The Best Designed Holes at Augusta National, According to Masters Legend Jack Nicklaus
By Brendon Elliott, PGA
Scenic view of No 12 green at Augusta National. Augusta, GA (Photo by Kohjiro Kinno /Sports Illustrated via Getty Images)
What are some of the top holes at Augusta National Golf Club from an architecture perspective?
Opinions vary greatly.
From the holes of Amen Corner to the dramatic 16th, and on to the finishing 18th, There has been so much history and memorable moments on almost every hole that picking the best may be difficult.
So I asked someone who might have a little more course knowledge than most golfers – and an unmatched resume in the Masters.
That’s Jack Nicklaus, a six-time Masters Champion, 18-time major title winner and, arguably, one of the golf’s GOATs.
In talking with Mr. Nicklaus, I asked him, from a design perspective, what his top four favorite holes at Augusta National were.
Here’s what he had to say.
Hole No. 7; Pampas; Par 4, 450 yards
“I think seven is a beautiful little hole; a little, short, par four. You got to be pretty precise with your tee shot. Then it’s a very demanding little second shot. It’s very difficult to recover from if you get off track.”
In 1986, when Nicklaus won his final Green Jacket, the seventh hole played to a length of 360 yards. So, at that point, it was, as Jack explains, a short little hole. Whether it was then, at 360 yards, or today at 450, the real defense on seven is its green complex. The slick, and treacherous green has three bunkers guarding the front and two at the back.
An interesting piece of history on this hole: in 1937, Byron Nelson drove the seventh and two putted for birdie. The hole played 320 yards at that time. So, in 1937, that was indeed a mighty feat.
Hole No. 10; Camellia; Par 4, 495 yards
“I think number 10 is a beautiful hole. It rolls down into the valley with the green sitting at the bottom. And of course, all the trees surrounding it. Ten's a gorgeous hole.”
The view from the 10th tee, and down the hill to the green is breathtaking. The hole has seen so much drama over the years. From Rory visiting the cabins on the left, to Bubba’s crazy hooking wedge from the trees on the right.
In 1986, Nicklaus started his final round back-nine charge by draining a 25-foot birdie putt on the tenth. Co-leader at the time, Greg Norman, who started the day with a six-shot lead, made a double bogey six on 10. That three-shot swing helped propel Nicklaus to his iconic one-shot win.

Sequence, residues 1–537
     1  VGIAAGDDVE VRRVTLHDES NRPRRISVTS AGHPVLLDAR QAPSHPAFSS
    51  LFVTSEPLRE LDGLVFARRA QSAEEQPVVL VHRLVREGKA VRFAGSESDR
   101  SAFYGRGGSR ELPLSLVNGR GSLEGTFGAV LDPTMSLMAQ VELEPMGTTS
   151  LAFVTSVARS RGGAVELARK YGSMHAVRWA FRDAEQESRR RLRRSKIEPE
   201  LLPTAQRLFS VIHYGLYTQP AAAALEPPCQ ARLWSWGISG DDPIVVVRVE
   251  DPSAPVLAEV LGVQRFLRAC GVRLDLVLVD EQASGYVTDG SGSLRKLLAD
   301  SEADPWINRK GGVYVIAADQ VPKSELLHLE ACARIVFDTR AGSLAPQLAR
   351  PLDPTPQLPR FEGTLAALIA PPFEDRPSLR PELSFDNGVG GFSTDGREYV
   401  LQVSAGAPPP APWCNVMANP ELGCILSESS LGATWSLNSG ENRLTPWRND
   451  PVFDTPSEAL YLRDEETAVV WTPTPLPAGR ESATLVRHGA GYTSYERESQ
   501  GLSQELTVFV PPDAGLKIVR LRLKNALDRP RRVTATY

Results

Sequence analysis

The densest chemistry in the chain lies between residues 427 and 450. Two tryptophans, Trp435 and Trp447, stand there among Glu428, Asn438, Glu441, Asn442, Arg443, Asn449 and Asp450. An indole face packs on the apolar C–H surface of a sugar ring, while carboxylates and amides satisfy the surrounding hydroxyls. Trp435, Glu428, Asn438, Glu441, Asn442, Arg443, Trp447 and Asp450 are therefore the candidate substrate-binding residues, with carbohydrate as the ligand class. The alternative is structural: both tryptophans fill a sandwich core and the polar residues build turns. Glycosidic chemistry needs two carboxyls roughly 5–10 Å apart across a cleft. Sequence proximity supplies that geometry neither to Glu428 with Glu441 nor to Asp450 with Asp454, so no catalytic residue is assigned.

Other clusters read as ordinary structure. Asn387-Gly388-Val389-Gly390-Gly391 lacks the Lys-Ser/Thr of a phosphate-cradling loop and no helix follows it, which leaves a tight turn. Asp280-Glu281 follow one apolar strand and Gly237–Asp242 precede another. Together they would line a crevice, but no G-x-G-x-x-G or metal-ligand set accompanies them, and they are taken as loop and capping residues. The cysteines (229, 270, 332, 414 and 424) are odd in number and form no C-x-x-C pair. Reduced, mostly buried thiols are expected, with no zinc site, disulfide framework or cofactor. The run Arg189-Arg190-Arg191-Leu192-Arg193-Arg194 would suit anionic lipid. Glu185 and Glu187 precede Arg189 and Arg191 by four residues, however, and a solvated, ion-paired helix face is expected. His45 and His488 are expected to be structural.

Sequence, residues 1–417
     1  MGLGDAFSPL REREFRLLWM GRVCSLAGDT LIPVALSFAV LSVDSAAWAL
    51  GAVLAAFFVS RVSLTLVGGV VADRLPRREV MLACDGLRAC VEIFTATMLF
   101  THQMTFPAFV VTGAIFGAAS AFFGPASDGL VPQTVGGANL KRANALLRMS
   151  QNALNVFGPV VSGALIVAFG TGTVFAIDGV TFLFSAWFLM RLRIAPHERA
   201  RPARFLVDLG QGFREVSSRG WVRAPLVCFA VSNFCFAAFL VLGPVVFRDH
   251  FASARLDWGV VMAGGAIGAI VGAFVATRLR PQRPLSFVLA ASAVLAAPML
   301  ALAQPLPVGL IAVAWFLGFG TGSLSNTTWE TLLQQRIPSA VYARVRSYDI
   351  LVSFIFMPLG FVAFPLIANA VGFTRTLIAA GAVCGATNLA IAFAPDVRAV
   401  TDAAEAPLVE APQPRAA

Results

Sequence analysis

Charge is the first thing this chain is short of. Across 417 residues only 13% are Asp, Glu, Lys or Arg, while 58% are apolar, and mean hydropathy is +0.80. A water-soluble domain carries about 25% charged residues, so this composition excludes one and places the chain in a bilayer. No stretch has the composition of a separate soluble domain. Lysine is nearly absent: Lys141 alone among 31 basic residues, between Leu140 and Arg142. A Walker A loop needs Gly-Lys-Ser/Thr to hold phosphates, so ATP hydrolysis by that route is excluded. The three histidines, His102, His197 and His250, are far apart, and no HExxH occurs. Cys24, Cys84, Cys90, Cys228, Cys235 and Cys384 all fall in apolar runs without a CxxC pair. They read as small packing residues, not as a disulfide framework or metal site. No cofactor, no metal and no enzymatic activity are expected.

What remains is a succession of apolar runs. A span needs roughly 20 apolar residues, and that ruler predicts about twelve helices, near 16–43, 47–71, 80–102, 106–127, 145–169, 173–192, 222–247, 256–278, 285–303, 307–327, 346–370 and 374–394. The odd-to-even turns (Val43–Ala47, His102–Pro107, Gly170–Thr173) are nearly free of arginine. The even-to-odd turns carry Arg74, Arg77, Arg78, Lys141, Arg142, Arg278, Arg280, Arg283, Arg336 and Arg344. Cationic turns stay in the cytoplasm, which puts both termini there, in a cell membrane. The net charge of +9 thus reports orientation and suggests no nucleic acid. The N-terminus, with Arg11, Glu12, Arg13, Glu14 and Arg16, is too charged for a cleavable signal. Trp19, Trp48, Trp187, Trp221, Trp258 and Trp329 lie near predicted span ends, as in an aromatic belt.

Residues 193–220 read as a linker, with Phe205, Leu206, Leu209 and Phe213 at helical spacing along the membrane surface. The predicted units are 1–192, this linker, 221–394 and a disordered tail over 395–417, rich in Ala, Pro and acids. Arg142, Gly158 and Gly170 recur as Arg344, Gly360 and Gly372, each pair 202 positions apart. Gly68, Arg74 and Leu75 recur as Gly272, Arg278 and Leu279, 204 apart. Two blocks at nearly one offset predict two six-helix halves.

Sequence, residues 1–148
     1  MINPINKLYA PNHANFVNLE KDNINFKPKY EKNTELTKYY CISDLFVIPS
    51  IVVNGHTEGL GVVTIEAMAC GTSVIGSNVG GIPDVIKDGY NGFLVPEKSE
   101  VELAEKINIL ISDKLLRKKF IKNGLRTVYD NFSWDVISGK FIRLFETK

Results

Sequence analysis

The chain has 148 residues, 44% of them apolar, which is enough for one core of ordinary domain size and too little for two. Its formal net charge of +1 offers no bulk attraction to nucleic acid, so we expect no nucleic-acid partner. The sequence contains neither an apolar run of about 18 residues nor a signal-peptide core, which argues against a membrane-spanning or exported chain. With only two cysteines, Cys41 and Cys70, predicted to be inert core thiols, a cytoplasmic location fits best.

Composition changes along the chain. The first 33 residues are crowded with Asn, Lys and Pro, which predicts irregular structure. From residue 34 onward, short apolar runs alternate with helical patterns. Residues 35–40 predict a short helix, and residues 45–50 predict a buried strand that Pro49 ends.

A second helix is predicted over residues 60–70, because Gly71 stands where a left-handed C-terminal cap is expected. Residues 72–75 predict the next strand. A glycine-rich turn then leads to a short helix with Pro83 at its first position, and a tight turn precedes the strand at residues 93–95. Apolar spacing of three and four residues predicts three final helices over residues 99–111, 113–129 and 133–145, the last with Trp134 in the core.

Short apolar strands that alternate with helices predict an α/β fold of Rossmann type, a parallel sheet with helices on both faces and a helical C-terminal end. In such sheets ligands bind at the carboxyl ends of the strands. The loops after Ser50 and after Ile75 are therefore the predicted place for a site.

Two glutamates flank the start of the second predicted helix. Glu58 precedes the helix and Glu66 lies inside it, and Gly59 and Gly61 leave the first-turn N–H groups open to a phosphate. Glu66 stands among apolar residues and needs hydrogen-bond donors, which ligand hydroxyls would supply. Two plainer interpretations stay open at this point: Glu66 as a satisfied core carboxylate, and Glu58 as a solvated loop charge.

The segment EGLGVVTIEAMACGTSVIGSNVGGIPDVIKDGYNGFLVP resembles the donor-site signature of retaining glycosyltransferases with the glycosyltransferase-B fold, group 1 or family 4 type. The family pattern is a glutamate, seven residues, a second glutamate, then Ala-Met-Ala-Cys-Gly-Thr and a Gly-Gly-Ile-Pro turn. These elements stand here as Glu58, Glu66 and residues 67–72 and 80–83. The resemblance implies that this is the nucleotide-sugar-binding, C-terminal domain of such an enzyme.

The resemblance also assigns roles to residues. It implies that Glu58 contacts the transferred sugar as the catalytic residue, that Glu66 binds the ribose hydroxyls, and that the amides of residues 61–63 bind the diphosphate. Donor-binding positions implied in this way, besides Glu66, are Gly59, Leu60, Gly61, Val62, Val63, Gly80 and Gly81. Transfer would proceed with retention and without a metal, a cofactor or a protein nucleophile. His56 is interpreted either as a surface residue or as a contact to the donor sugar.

Hole No. 12; Golden Bell; Par 3, 155 yards
“Let's see . . . No. 12. Yes, 12 is a very nice natural little hole sitting on the water. It's a beautiful but scary hole.”
Sometimes the shortest of holes can make the best players in the world tremble. Players likely start thinking of the 12th very early into their rounds – especially on Sunday when they are in the hunt. There have been famous catastrophes on Golden Bell, but there have also been amazing moments of luck that laid the groundwork for slipping on the Green Jacket. In 1992, Fred Couples was a recipient of some rare Masters luck. His 8-iron hit the front bank and instead of rolling back into Rae’s Creek, the ball stopped inches from the water. Couples went on to get up and down, and eventually win the Green Jacket.
Hole No. 13; Azalea; Par 5, 545 yards
“Well, I think 13 is a totally natural hole. You know, it sits in there perfectly. The creek comes through on the left and it just needs to be played to the right of it and around it. And then, of course, the creek crosses in front of the green and the green sets into the hillside. So, I think that's a beautiful hole.”
The iconic 13th has been the spot for so many memorable moments over the years. In 1986, Nicklaus knocked his 3-iron to 30 feet in the final round and two putted for birdie. Of course, the rest of that round was stuff of legend, as Nicklaus won his sixth and final Green Jacket at the age of 46.